Process solutions for clean-label baking
Cleaning up the label of baked goods is more than just ingredients. If you’re going to join the clean-label, natural baking trend, here’s what you need to know about the non-ingredient side of things.
Any time you reformulate or create a new product, it’s important to reevaluate your process. However, this is especially true with clean-label baking. Relying on natural ingredients to take the place of dough conditioners, emulsifiers and preservatives is going to change the integrity of your product. From the mixer to the oven to the shelf, it’s going to be more susceptible to processing and shelf life problems.
So what can be done to your equipment and processing to help?
Dough. Most breads call for gluten. In the mixer, this means mixing longer to achieve full development, which generally produces a warmer dough. Therefore, it’s vital to keep the dough temperature down. To achieve this, use ice or refrigerated water, a mixer with a cooling jacket and mix in smaller batches if you can. Also, try aged flour and longer bulk fermentation times (see https://bakerpedia.com/processes/aged-flour). This works as a sort of natural dough conditioner.
Baking. Clean label and organic baked goods tend to be on the dryer side. So overbaking—even just a little—can have a big impact. The No. 1 fault with ovens and baking is an unbalanced oven or heavy breads that require longer baking time. This leads to overbaking. Overbaking means a dried-out product with a shorter shelf life—something you can’t afford with clean label.
By running a thermal profile, you’ll know exactly when thermal steps like oven spring, the kill step or arrival is happening. Obtain a thermal logger so that you can run profiles that achieve 80 percent or above in arrival (see https://bakerpedia.com/how-to-determine-adequate-baking-by-using-thermal-profiling for more on how to achieve specific arrival percentages using thermal profiling).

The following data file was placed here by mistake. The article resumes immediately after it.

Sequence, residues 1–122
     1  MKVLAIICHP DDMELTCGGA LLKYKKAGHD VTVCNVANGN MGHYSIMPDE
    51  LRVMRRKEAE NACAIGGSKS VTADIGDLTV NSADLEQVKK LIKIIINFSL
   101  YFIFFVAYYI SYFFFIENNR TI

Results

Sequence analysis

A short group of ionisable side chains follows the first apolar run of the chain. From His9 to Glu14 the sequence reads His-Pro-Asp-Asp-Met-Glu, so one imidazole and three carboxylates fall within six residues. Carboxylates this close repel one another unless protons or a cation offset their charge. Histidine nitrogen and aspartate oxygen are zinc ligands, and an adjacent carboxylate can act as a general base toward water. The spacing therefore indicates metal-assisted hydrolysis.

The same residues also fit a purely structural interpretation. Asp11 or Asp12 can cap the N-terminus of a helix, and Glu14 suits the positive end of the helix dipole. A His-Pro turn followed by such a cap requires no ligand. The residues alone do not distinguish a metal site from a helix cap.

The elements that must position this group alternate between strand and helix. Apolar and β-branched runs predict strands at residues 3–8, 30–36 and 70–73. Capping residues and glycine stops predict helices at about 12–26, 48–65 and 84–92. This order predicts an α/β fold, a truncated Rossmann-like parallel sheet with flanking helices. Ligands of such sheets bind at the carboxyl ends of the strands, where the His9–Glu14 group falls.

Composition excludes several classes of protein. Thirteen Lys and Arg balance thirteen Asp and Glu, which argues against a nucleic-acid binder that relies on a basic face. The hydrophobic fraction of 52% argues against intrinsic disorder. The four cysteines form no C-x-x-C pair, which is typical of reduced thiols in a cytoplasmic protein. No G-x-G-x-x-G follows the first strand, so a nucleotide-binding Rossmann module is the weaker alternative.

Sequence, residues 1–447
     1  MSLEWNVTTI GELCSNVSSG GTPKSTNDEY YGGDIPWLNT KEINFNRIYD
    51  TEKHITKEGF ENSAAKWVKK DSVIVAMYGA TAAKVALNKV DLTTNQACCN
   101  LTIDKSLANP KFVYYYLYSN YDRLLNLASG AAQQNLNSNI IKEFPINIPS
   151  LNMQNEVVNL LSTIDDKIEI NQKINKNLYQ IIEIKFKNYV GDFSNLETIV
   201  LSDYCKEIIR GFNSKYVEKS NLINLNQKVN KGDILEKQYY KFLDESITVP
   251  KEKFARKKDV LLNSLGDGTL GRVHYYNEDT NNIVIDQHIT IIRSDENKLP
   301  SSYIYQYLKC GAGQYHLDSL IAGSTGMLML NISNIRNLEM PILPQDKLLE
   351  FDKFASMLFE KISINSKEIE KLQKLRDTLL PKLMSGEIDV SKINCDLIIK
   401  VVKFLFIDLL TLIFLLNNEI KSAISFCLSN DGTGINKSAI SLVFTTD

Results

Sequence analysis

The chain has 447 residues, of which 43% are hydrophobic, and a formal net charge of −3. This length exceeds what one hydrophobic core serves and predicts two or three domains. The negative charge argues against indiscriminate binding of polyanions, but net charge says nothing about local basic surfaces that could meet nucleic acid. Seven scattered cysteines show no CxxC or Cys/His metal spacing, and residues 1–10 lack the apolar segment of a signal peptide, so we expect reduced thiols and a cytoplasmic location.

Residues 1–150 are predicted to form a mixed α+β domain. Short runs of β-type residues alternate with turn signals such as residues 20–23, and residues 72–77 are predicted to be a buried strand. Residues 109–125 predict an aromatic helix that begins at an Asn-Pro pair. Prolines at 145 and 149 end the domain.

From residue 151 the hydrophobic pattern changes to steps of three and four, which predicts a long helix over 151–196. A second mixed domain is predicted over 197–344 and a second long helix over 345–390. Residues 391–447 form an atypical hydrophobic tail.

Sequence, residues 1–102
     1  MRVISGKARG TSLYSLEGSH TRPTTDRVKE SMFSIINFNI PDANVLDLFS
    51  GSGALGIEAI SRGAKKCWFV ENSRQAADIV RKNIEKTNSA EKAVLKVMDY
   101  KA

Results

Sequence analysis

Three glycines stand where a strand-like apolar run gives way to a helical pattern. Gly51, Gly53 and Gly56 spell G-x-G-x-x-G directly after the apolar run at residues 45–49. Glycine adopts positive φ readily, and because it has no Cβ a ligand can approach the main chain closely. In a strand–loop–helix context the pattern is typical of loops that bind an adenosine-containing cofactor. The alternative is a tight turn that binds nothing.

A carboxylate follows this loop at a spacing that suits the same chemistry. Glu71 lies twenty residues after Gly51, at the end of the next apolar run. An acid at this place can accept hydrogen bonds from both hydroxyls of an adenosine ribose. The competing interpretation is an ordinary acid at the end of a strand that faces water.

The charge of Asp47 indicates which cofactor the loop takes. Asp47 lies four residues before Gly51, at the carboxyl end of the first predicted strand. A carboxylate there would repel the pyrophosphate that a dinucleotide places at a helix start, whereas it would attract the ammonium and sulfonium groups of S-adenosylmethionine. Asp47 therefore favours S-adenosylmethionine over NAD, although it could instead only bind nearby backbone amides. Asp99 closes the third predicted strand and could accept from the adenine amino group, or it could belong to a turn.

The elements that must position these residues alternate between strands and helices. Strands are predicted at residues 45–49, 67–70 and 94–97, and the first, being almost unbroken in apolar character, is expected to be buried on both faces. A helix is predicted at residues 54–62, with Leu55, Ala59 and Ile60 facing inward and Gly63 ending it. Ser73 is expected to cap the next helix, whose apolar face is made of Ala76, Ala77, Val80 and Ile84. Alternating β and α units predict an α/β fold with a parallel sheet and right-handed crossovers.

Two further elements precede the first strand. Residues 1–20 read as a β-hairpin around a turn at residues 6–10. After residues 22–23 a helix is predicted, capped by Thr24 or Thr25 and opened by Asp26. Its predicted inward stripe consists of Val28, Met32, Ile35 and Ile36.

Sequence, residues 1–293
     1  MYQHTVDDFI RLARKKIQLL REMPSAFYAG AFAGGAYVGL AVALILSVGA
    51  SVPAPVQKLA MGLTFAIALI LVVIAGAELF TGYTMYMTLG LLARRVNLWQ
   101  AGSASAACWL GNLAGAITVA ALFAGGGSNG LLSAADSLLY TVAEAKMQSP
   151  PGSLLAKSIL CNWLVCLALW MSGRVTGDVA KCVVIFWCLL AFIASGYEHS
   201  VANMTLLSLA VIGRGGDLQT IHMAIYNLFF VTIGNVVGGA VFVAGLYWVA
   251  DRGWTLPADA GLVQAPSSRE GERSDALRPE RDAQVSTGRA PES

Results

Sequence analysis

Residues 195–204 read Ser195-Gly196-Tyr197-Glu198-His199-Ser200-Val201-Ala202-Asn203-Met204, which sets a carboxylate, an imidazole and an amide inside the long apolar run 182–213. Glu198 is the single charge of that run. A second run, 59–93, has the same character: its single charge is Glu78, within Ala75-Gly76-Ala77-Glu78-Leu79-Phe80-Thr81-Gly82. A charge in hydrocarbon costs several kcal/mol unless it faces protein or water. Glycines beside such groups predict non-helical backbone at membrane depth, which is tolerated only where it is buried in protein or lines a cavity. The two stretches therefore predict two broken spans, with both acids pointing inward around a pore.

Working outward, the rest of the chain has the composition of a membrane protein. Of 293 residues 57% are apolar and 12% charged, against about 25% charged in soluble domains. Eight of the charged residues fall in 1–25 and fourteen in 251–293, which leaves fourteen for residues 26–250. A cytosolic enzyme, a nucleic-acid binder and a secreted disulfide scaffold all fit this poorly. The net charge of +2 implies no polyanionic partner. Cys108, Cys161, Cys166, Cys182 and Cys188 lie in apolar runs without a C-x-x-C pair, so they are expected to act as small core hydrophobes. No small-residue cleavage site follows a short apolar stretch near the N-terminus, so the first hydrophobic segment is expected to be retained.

Cooling and packaging. If bread does not cool enough, condensation and mold will destroy your product. So get the internal bread temperature between 95-104°F (35-40°C) and moisture at 38 percent as soon as you can (see https://bakerpedia.com/processes/bread-cooling for more specific requirements on cooling).
Also, the longer the product remains unpackaged, the more mold spores it would accumulate over time. This happens in many bakeries where they do not have a packaging crew come in until later in the day. To avoid mold, package your product once the internal temperature reaches 104°F.
Keep it clean. And while we’re talking about shelf life, vigorous sanitation is essential with clean label. Shelf life is an issue with natural baking, and you can only rely on natural preservatives so much. Making sure your product line is properly cleaned after every shift will go a long way. Use proper air filtration and air change systems to reduce the amount of mold spores in the plant environment. Also, look into hygienically designed mixers, troughs, makeup and cooling equipment.
These process changes will not only help overcome the changes made in your formula, but improve the overall quality and consistency of your final clean label product.